Monday, May 14, 2007
How HIV Infects Cells
Retroviruses such as HIV-1 enter cells via the interaction between glycoproteins on the surface of the virus particle and cell surface receptors. Since this is such an important step in virus replication, knowledge of the structures of these glycoproteins and the molecular details of their interactions with cell surface receptors is of great importance.
Electron tomography is a powerful approach to determining the three-dimensional structures of large sub-cellular assemblies such as virus-receptor interactions. The images are built up from a series of optical sections generated in the electron microscope. In this paper, the authors used the method to examine the interaction of purified SIV virions with CD4-positive target cells.
The envelope glycoproteins of primate lentiviruses, including human and simian immunodeficiency viruses (HIV and SIV), are heterodimers of a transmembrane glycoprotein (gp41), and a surface glycoprotein (gp120), which binds CD4 on the surface of target cells to initiate virus entry.
The trimeric virus envelope glycoprotein surface spikes are around 120 Å long and approximately 120 Å wide at the distal end. Docking of the virus on the T cell surface occurs via a neck-shaped contact region that is about 400 Å wide and consists of a closely spaced cluster of five to seven rod-shaped features, each about 100 Å long and 100 Å wide. This distinctive structure is not observed when viruses are incubated with T lymphocytes in the presence of anti-CD4 antibodies or drugs which block the interaction of gp120 and CD4.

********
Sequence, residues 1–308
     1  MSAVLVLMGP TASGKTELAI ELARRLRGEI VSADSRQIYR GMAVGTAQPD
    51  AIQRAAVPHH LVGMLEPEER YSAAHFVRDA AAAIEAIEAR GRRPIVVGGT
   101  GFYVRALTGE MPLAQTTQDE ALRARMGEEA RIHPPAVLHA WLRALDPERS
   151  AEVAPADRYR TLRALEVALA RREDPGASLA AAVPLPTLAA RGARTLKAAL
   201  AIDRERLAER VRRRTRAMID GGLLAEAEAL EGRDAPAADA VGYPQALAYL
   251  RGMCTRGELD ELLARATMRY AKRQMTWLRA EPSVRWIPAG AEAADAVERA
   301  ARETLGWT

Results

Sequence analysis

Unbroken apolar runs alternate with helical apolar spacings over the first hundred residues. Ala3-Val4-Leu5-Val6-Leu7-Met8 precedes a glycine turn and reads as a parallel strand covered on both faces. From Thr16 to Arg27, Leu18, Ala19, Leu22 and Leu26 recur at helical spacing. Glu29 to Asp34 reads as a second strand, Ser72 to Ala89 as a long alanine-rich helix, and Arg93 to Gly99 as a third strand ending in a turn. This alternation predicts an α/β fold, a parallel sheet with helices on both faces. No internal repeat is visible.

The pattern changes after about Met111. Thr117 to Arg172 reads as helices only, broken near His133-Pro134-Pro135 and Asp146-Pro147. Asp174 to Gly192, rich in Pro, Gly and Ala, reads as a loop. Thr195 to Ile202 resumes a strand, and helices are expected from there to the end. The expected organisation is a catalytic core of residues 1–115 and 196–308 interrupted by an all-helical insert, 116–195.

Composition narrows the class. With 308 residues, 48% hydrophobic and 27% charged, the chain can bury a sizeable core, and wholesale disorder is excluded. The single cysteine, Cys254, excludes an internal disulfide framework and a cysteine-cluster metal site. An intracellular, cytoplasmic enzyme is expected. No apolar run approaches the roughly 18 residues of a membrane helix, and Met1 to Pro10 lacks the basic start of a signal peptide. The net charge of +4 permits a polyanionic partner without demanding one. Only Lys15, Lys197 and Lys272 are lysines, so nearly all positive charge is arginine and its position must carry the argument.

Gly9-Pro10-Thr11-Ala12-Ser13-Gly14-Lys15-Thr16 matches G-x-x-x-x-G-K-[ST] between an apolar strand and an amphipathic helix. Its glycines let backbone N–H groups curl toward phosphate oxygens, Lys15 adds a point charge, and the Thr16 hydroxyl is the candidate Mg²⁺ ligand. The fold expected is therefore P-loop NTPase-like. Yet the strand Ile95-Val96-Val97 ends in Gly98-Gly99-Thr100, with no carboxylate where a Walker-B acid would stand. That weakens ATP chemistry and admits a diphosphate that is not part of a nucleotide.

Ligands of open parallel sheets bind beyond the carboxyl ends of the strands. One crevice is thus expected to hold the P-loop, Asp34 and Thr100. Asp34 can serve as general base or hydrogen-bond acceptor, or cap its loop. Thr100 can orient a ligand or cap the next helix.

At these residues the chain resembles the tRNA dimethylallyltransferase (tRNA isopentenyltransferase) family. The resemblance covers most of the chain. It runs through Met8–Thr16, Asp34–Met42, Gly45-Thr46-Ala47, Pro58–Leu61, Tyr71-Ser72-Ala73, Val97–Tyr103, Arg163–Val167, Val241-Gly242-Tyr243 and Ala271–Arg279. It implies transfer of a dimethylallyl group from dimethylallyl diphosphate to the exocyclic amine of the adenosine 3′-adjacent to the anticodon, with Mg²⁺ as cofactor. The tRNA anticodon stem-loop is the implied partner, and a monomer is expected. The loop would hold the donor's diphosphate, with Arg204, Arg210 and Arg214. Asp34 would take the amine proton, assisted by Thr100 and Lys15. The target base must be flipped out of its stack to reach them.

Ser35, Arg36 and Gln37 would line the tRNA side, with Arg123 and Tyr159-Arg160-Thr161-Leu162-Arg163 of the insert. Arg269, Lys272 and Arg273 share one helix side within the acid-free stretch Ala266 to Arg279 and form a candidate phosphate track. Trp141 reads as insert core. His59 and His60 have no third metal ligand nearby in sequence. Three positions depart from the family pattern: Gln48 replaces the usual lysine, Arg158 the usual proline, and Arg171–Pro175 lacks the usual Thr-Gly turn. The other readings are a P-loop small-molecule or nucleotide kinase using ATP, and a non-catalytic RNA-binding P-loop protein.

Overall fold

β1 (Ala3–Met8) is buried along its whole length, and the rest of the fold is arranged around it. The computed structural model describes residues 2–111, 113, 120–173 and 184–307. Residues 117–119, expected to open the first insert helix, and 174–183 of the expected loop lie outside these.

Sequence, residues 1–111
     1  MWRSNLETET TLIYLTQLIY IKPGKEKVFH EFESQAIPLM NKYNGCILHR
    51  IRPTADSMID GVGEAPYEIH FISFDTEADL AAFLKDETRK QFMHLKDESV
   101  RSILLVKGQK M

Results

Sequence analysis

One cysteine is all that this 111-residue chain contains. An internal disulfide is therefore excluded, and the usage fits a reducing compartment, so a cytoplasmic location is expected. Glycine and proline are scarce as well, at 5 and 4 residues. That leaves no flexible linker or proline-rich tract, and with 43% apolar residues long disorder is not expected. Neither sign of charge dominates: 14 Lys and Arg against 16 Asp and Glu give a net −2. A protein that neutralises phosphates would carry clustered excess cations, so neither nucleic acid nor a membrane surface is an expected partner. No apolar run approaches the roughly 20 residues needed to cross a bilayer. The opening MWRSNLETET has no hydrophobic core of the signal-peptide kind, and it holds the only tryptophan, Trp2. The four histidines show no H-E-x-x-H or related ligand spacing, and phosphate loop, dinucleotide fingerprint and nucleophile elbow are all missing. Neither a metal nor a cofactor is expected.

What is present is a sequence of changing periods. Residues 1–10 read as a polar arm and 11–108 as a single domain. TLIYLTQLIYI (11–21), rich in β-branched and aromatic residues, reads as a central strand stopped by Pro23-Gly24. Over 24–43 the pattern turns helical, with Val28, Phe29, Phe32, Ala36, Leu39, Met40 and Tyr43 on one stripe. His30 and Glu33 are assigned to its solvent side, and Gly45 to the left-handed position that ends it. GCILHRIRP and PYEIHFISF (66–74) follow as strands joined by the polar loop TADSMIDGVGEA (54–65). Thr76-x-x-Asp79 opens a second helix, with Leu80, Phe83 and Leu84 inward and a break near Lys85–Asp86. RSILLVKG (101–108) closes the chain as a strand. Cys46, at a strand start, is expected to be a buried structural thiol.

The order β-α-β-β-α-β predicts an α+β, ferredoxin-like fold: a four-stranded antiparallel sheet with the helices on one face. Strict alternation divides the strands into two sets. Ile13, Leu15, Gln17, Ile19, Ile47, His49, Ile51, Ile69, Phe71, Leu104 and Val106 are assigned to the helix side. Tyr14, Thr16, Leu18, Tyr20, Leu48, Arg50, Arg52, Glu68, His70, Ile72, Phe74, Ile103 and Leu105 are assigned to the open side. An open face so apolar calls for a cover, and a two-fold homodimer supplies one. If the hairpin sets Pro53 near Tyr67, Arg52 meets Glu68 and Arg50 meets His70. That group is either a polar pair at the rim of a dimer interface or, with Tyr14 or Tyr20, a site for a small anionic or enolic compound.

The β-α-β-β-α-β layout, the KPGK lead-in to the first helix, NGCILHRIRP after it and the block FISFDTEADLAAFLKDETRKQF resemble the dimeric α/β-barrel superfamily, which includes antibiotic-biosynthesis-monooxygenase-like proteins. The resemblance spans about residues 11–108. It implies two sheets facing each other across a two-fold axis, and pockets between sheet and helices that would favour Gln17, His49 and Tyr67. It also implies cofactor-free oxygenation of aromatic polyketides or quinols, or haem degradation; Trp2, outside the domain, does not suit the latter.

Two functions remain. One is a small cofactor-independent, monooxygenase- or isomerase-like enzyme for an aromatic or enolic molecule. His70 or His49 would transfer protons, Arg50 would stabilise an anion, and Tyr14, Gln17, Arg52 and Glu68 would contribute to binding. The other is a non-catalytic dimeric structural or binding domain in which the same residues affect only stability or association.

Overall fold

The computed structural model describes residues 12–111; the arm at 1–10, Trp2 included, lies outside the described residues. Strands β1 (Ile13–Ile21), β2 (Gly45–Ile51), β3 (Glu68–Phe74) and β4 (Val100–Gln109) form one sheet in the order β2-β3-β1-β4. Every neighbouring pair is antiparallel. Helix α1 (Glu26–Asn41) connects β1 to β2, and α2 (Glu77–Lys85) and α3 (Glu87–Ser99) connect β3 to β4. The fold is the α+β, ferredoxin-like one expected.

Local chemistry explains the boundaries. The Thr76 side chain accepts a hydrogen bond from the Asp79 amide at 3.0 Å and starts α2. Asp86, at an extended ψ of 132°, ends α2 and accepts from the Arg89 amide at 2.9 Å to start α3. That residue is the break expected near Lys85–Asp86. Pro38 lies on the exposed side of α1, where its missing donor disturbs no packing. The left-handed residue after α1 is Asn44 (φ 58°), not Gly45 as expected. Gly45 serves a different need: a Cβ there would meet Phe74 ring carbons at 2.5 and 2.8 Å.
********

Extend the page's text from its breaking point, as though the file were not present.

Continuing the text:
This data shows that these lentiviruses make contact with T cells via a unique structure which the authors call the entry claw. This is typically composed of six clustered rods that span the contact region. Further investigation of the structure of this entry claw and its formation could lead to new insights into the design of more effective drugs to inhibit HIV infection.
This video is based on a paper recently published in PLoS Pathogens:
Electron Tomography of the Contact between T Cells and SIV/HIV-1: Implications for Viral Entry. PLoS Pathogens 2007 3 (5) e63